In his time as China’s top oil trader, Yang Qinglong was known to have deep military connections and a certain flamboyance toward his Iranian suppliers: he often bear-hugged them.
When Yang died of cancer aged 62 on Sunday, he had become a legend.
“You can hardly find a second such Chinese official who achieved what Yang achieved,” said an oil industry executive who plans to attend Yang’s funeral in southwestern Yunnan province, his hometown. “He’s a legend, a tough man, a man of perseverance.”
Yang set up China’s state trader Zhuhai Zhenrong Corp. in 1995 after “high-level military friends” wanted someone to formally import crude oil from Iran, according to Reuters.
At the time, Iran was supplying oil to China to pay for arms supplied by Beijing during the 1980-88 Iran-Iraq war.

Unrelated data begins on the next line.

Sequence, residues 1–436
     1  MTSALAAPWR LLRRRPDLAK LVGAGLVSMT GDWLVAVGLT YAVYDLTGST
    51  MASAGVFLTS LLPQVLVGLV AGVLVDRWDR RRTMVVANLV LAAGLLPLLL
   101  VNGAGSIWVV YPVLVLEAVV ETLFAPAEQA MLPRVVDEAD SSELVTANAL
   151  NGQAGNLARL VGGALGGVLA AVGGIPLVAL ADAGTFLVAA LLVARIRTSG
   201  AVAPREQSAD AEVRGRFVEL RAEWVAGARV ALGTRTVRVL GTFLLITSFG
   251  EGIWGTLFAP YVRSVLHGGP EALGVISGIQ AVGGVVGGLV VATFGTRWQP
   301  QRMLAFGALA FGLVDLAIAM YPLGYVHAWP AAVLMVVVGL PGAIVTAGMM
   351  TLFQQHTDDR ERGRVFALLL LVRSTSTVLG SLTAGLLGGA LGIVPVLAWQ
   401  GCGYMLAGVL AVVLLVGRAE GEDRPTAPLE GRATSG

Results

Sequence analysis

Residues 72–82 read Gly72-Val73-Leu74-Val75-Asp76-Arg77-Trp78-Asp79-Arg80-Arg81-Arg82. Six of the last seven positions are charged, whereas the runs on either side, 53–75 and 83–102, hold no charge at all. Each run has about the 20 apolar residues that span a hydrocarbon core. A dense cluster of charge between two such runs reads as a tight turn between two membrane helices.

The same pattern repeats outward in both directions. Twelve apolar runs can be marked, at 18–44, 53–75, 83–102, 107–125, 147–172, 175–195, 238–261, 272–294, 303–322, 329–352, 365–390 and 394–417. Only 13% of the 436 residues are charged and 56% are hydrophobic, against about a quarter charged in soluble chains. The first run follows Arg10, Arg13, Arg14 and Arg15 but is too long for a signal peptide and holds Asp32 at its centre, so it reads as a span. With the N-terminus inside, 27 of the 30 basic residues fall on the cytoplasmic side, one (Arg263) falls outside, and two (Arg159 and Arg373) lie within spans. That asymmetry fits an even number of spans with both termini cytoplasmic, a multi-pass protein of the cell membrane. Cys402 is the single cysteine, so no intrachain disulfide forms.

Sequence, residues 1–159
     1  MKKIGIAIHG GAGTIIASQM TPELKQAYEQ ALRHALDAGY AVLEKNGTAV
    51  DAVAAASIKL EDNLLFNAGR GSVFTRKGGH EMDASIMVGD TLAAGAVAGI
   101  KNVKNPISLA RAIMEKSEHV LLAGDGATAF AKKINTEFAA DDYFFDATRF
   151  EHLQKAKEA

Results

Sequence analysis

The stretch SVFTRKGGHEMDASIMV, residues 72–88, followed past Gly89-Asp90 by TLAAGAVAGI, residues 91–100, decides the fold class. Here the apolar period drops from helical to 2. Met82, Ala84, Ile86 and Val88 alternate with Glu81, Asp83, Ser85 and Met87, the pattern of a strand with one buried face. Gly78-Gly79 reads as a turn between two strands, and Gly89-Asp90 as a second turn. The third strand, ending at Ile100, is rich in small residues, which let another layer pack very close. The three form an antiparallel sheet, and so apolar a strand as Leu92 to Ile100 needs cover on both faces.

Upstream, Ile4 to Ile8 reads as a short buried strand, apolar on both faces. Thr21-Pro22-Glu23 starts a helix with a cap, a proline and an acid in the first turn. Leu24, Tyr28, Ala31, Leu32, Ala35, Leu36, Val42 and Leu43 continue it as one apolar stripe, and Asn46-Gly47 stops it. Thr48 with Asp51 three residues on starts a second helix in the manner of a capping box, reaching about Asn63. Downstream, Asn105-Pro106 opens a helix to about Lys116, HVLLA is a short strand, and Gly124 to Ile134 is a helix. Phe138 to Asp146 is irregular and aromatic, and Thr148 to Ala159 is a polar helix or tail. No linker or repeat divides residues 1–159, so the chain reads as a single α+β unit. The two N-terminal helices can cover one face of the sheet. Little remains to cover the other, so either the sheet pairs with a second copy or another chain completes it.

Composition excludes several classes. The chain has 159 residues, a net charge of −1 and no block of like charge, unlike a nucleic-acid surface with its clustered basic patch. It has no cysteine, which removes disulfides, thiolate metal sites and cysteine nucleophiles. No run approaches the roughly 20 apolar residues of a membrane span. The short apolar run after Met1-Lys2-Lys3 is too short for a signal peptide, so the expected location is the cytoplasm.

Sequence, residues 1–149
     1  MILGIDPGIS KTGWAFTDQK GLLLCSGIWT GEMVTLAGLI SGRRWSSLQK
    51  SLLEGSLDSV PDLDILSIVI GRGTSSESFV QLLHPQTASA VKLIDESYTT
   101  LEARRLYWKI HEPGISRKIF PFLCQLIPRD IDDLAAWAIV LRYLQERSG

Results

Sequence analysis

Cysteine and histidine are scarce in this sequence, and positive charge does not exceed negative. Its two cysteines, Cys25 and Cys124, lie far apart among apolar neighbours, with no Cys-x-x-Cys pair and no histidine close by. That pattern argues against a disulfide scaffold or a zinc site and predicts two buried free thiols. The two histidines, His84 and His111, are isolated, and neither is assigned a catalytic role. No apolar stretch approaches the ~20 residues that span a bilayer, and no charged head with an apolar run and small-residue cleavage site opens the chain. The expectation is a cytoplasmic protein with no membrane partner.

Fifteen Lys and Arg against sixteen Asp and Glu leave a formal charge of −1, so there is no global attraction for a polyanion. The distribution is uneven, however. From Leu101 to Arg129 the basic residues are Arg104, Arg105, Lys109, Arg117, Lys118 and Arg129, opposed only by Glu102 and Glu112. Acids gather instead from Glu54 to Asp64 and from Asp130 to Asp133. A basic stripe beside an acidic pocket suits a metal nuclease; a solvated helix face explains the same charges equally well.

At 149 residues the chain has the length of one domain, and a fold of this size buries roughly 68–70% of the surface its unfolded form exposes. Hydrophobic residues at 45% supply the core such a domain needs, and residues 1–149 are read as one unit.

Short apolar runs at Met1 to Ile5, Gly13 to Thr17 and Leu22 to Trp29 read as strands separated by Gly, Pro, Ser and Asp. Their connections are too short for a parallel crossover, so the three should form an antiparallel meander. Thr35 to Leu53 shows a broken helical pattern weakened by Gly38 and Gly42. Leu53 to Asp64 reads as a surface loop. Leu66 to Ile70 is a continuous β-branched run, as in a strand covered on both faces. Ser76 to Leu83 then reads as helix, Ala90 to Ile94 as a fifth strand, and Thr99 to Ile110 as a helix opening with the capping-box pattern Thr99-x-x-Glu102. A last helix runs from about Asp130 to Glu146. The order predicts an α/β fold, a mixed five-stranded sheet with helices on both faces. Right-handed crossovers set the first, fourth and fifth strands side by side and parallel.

By 2001, Yang’s state trader was supplying 16 percent of China’s crude imports, buying 11 million tons of Iranian crude or 220,000 barrels per day.
A decade later, Zhuhai Zhenrong was the biggest supplier of refined petroleum products back to Iran, according to the United States State Department.
The company brokered the delivery of more than US$500 million in gasoline to Iran between July 2010 and January 2011, contravening US sanctions.
Yang was a hard-drinker from a military background who always wore an army green jacket with a matching canvas bag slung over his shoulder, the report said.
Stories of Yang banging his fist on a table demanding that a Chinese refiner take Iranian oil or how he greeted Iranian officials with a bear-hug and hoisted them into the air, painted an image of a larger than life character and led to his “Crazy Yang” moniker.
Yang retired in 2011 to become Zhenrong’s advisor.
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